The style of Taekwon Do which the Chi organization practices is called Ch’ang Hon or “blue cottage”. General Choi Hong Hi, the father of TaeKwon Do, was given the pseudonym by his calligraphy teacher. The hallmark of this system, which was created in the 1950s, is the combination of fast and slow, light and forceful movements together with extensive footworks whose roots stem from the Sho-Rin and Sho-Rei schools of Okinawan Karate (TaeKwon-Do: The Art of Self-Defense, by CHOI HONG HI, 1965, page 216). 

These roots combines with others have over time refined to the extent that they no longer resemble their original movements and have become totally “Korean” in every way though the application of the nine training secrets:

  • To study of the theory of power throughly
  • To understand the purpose and method of each movement clearly
  • To bring the movement of eyes, hands, feet, and breath into a single coordinated action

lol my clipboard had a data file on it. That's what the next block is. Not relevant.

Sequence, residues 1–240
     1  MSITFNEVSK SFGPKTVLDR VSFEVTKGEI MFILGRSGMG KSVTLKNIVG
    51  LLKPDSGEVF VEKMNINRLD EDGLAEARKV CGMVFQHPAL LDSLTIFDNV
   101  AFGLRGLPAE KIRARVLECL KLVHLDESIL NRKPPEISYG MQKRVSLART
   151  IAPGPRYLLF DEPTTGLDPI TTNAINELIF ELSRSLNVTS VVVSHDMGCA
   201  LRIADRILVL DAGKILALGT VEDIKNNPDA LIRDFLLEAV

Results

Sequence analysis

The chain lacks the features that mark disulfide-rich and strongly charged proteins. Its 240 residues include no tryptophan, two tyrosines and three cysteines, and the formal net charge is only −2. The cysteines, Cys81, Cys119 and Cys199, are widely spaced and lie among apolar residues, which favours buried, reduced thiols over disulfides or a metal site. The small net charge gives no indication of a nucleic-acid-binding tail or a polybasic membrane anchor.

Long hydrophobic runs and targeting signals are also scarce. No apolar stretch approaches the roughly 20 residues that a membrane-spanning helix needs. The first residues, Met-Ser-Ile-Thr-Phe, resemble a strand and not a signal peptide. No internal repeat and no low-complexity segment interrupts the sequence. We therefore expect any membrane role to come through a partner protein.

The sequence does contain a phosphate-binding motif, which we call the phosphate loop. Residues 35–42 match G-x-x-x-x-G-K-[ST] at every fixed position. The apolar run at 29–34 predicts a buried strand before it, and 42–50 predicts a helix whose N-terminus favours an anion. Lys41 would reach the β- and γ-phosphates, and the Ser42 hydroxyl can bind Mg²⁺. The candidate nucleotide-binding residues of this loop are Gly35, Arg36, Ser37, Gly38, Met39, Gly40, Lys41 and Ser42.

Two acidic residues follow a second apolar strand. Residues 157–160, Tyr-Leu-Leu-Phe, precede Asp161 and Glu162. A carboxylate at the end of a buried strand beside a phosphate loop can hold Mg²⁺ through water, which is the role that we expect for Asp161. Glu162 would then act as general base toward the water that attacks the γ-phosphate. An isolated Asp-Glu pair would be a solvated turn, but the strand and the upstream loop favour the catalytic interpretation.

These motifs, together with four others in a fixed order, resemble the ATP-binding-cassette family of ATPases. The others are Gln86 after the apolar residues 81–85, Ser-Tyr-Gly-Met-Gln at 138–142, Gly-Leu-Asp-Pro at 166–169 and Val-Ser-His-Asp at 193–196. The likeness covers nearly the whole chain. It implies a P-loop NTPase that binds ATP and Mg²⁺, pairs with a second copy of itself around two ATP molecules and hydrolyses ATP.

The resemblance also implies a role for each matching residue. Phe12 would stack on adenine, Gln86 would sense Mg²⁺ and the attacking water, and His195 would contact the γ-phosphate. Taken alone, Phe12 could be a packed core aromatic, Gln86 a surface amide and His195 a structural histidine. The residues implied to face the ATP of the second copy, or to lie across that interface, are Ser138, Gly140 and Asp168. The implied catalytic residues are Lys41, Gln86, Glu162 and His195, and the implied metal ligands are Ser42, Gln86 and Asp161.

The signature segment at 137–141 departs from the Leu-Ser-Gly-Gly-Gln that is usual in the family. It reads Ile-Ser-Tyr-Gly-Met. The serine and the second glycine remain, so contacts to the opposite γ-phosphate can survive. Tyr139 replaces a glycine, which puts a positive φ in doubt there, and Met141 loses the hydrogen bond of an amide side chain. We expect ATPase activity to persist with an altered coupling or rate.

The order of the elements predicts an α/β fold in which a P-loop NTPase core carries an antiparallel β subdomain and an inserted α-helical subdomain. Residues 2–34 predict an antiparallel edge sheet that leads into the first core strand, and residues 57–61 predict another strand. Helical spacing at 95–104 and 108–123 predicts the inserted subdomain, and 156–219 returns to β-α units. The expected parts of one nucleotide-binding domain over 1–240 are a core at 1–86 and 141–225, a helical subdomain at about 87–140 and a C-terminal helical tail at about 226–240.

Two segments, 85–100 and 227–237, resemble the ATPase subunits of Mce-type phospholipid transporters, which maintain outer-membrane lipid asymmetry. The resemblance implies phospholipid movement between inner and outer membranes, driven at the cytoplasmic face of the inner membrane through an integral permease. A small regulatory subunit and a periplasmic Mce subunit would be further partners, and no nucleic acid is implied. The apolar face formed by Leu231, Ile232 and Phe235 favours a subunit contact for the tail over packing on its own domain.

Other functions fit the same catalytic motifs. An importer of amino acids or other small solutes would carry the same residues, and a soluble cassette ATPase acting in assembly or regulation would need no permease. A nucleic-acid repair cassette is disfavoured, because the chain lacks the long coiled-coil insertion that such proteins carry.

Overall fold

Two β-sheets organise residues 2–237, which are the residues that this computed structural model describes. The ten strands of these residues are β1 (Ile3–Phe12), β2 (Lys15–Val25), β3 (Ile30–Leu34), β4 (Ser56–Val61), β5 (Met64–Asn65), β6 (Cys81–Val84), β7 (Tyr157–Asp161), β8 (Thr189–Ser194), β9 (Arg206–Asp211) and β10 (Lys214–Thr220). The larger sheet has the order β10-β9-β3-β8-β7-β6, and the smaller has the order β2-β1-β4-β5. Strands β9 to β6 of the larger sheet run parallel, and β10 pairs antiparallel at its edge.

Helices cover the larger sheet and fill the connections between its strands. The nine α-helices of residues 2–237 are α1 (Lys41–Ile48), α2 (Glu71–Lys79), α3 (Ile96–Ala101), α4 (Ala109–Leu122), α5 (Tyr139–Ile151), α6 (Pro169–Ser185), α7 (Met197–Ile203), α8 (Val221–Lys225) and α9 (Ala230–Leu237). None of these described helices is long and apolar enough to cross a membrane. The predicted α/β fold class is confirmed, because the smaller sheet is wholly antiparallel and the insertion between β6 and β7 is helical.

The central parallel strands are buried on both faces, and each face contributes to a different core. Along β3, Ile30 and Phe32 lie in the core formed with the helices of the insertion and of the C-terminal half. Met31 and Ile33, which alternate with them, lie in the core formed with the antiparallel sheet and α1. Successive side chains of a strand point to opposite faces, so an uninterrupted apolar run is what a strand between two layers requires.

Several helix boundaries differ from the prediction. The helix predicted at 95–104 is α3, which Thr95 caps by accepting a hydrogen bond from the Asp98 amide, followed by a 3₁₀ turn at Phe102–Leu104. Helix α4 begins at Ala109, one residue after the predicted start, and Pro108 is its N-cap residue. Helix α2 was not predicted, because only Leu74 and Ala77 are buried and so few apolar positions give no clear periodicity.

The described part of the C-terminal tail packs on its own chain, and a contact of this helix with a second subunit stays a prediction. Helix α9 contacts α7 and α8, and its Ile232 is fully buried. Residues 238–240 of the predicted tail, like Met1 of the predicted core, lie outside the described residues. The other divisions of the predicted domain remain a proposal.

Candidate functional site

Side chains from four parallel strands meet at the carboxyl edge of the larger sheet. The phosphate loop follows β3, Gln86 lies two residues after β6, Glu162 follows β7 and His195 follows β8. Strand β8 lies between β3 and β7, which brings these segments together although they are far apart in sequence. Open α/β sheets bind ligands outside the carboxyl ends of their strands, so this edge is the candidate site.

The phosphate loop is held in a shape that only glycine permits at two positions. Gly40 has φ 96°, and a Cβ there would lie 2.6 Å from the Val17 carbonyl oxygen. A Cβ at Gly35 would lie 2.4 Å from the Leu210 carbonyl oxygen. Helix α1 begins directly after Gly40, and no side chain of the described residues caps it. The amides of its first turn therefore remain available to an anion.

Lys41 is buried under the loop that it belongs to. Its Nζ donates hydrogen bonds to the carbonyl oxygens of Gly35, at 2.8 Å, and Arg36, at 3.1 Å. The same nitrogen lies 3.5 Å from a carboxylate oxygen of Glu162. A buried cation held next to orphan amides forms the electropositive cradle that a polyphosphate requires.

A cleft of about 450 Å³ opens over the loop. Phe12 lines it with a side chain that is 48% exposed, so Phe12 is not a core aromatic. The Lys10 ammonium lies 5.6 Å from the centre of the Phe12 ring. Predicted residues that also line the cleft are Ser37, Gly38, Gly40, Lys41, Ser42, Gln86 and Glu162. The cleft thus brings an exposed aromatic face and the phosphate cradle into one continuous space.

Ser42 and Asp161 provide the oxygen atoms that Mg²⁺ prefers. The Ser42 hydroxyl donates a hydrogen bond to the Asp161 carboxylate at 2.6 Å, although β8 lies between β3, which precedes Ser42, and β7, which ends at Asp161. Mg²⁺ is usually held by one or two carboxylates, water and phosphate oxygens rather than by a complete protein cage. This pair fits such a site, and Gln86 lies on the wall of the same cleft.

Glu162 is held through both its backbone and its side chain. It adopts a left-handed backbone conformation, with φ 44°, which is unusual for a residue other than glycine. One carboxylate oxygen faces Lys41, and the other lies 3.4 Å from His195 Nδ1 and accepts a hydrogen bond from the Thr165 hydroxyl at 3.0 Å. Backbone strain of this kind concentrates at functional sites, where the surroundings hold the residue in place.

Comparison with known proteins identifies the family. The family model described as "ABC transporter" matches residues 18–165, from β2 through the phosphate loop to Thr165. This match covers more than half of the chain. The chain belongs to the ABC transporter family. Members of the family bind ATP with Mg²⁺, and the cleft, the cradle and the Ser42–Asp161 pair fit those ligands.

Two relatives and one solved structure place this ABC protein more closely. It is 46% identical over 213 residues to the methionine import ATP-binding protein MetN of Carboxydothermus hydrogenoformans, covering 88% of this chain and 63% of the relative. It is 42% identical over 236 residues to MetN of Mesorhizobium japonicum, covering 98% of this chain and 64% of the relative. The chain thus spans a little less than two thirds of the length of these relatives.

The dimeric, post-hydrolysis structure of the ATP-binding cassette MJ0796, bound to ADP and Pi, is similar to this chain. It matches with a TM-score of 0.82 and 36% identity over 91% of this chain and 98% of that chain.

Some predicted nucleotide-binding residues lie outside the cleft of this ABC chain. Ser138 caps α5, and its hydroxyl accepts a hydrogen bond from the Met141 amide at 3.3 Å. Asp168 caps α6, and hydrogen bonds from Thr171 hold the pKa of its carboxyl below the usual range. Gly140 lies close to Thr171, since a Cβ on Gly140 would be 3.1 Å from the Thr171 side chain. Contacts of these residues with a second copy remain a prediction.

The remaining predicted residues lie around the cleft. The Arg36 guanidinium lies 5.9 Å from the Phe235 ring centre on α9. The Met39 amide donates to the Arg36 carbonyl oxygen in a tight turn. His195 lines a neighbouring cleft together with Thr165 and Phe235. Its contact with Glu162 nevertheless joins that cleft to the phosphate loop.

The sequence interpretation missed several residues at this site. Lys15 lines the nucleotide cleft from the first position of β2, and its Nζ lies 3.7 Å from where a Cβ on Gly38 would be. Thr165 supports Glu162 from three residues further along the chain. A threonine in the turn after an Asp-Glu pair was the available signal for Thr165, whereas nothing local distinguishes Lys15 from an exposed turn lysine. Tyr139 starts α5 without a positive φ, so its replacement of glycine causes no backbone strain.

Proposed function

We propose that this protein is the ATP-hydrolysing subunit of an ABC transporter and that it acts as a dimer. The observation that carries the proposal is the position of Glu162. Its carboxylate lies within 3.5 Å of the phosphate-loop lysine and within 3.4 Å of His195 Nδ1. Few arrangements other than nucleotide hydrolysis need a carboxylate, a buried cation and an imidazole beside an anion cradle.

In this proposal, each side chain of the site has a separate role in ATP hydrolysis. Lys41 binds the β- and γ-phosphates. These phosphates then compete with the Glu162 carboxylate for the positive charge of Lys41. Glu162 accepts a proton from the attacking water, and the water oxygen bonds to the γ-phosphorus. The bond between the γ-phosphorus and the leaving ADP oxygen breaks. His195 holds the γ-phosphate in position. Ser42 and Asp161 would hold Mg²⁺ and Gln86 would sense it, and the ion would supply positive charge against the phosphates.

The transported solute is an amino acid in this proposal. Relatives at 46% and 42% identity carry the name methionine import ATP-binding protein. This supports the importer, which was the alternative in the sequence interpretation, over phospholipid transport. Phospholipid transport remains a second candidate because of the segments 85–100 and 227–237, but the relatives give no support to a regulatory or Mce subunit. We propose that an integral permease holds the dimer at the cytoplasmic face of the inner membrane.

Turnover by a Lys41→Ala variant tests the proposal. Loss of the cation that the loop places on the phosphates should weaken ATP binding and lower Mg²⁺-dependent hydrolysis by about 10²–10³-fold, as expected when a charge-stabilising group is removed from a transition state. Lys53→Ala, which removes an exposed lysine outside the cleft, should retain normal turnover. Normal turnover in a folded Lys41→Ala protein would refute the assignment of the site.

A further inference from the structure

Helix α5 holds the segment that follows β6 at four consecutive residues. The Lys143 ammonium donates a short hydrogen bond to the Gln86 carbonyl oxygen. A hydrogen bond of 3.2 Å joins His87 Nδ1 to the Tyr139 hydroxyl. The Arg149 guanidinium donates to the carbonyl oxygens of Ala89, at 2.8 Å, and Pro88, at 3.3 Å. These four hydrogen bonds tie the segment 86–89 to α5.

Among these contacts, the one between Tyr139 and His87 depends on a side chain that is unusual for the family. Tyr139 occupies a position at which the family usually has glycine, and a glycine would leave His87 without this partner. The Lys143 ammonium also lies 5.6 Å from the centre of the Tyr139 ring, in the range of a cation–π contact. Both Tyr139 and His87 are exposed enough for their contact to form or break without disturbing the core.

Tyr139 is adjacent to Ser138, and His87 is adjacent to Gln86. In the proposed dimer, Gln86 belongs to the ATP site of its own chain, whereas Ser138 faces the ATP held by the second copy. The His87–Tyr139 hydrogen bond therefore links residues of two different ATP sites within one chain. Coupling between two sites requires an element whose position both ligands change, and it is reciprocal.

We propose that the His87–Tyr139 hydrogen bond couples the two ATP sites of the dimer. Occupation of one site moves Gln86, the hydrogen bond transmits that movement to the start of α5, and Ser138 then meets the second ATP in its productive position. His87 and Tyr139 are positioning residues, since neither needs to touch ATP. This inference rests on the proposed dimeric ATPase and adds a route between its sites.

• To choose the appropriate attacking tool for each vital spot
  • To become familiar with the correct angle and distance for attack and defense
  • To keep both the arms and legs slightly bent while the movements of patterns are in motion
  • The backward motion of all beginning movements with very few exceptions. However, once the movement is in motion it should not be stopped before reaching the target
  • To create a sine wave during the movement by utlizing the knee spring properly
  • To exhale briefly at the moment of each blow except connecting motion

The name and number of movements as well as the diagramatic representation of each Ch’ang Hon pattern have a specific significance which symbolizes its namesake or relavance to some historical event or personage